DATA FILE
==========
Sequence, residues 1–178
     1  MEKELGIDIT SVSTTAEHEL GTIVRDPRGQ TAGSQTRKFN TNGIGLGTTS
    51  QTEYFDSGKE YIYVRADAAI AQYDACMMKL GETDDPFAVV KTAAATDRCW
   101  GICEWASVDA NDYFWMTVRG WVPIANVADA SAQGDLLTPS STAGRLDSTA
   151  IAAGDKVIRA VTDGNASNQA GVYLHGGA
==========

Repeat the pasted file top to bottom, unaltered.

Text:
Sequence, residues 1–178
     1  MEKELGIDIT SVSTTAEHEL GTIVRDPRGQ TAGSQTRKFN TNGIGLGTTS
    51  QTEYFDSGKE YIYVRADAAI AQYDACMMKL GETDDPFAVV KTAAATDRCW
   101  GICEWASVDA NDYFWMTVRG WVPIANVADA SAQGDLLTPS STAGRLDSTA
   151  IAAGDKVIRA VTDGNASNQA GVYLHGGA